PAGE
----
I was just browsing the magazine rack in our local Eckard drug store. A man was on his knees stocking magazines. He asked if he was in my way. I said, no really, you’re fine. He said, actually I’m not fine at all. My knees are killin’ me. I really need a knee replacement but I’m taking this medication for my heart, so my doc says no go on an operation. Too risky. I murmur my regrets and say something about being sorry. He goes on to tell me more. About how he needs to have these injections [some new technology that is less invasive than surgery but better than cortisone shots] but for one reason or another [you see, I am not that good a listener!] he can’t have the injections just yet, he has to wait. In the meantime he’s just miserable and he can’t exercise like he used. to. He used to do a mile a day, jogging. Not now. He was losing weight before his knee started up. He was really proud of himself and the doctor even commented on his loss. All through this I am just nodding and interjecting, gosh, how awful or some such inane chatter. I don’t think he cares what I say, he just wants someone to talk to. After about ten minutes or so, he looks up from his task of changing out the magazines and says, I’m really sorry for keeping you like this and telling you all my troubles. Thanks for listening to me. I say, no problem at all, glad to help.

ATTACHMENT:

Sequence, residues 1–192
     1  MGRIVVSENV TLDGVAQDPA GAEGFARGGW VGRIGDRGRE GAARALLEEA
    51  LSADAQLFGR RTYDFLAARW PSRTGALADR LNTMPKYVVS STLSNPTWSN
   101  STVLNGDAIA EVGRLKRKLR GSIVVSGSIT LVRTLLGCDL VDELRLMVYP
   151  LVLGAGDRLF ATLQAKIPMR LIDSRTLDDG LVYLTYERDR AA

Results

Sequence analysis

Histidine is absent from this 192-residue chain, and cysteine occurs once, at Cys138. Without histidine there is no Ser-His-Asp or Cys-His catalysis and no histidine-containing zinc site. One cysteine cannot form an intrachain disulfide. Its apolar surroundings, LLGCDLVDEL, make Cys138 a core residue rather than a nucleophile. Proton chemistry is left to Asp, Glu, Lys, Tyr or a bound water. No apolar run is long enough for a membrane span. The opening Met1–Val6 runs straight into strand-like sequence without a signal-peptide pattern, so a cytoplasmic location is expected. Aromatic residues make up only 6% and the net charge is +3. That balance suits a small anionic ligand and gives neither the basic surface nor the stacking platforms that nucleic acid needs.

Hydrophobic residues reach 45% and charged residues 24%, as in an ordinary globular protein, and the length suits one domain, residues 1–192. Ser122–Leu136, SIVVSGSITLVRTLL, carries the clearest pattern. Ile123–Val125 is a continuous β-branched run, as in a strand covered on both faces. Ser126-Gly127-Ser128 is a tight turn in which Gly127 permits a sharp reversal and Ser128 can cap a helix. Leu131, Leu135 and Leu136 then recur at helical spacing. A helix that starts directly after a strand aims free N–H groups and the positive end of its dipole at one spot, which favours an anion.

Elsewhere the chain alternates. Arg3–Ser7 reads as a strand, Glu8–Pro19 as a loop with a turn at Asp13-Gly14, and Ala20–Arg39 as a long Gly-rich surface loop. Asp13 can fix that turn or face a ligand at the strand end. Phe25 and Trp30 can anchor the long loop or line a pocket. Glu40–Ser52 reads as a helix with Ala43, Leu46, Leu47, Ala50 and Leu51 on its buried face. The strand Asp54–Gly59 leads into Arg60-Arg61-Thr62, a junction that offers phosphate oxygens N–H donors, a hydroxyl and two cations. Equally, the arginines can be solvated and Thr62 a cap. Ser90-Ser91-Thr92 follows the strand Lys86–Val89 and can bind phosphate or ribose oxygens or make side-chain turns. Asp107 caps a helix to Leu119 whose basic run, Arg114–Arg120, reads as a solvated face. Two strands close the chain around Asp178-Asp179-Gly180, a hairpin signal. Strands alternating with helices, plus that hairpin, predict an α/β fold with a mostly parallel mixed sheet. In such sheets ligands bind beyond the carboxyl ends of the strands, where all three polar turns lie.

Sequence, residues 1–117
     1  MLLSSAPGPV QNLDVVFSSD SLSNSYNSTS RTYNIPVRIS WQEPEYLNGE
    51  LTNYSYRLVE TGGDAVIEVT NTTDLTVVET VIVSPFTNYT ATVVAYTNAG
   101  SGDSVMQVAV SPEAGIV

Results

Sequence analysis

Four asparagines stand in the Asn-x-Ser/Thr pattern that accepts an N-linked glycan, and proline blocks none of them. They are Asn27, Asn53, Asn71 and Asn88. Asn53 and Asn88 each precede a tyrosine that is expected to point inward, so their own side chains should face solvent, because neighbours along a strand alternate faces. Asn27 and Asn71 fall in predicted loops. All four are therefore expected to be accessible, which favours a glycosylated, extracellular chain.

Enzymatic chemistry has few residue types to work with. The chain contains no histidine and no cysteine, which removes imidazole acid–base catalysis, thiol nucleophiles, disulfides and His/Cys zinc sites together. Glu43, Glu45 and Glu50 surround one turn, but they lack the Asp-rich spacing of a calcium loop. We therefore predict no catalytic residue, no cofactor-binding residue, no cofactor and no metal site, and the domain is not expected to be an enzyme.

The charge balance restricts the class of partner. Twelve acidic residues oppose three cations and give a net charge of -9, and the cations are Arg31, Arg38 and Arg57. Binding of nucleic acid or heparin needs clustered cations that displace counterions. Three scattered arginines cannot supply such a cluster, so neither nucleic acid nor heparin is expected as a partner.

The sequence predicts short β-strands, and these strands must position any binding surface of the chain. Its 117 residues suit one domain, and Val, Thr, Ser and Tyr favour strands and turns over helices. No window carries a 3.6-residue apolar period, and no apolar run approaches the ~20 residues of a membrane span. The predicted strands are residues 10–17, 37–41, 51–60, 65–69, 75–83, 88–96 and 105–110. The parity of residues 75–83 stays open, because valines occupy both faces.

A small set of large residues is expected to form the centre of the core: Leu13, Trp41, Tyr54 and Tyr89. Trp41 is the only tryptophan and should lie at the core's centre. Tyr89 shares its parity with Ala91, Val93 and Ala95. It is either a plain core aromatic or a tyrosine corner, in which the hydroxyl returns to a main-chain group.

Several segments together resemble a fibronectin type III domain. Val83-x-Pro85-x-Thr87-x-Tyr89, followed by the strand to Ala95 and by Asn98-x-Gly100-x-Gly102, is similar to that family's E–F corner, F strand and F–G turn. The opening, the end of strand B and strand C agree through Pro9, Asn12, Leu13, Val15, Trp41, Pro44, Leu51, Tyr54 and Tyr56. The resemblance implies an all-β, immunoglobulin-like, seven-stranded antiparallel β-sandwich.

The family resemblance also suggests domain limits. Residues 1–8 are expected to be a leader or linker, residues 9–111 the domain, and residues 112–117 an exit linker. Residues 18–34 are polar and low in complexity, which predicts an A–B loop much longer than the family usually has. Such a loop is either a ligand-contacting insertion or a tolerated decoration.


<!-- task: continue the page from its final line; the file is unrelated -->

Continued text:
Not two days after this Rick [as in husband, not the dry cleaner owner]  and I are in the grocery on a weekend doing our shopping. An elderly woman looking rather confused came up to me and asked if I knew where the pastina was? I must have looked at her a bit strangely, as she said, you know, it’s the tiny pasta, do you know where it is? I’m over 80 and I hate shopping these days. I can’t seem to find anything. I tell her she doesn’t look her age. She giggles like a girl, and goes on to tell me she’s been married for 60 years and her husband is not doing very well. She needs the smallest pasta for him because it’s the only thing he can eat anymore. It’s a trial she tells me, looking out for him. He’s not what he once was and can’t remember much. I don’t remember much either unless I write it down, and most times I can’t remember to write it down. She shakes her head sadly. Rick by now has come looking for me to see what it taking me so long. I tell her I think it’s in the next aisle over. When I leave her she is still looking in the same spot. So, I go over to the pasta aisle, find her pastina for her and take it to her. Is this the right thing? I ask her. She says YES! this is what I was looking for, thank you so much!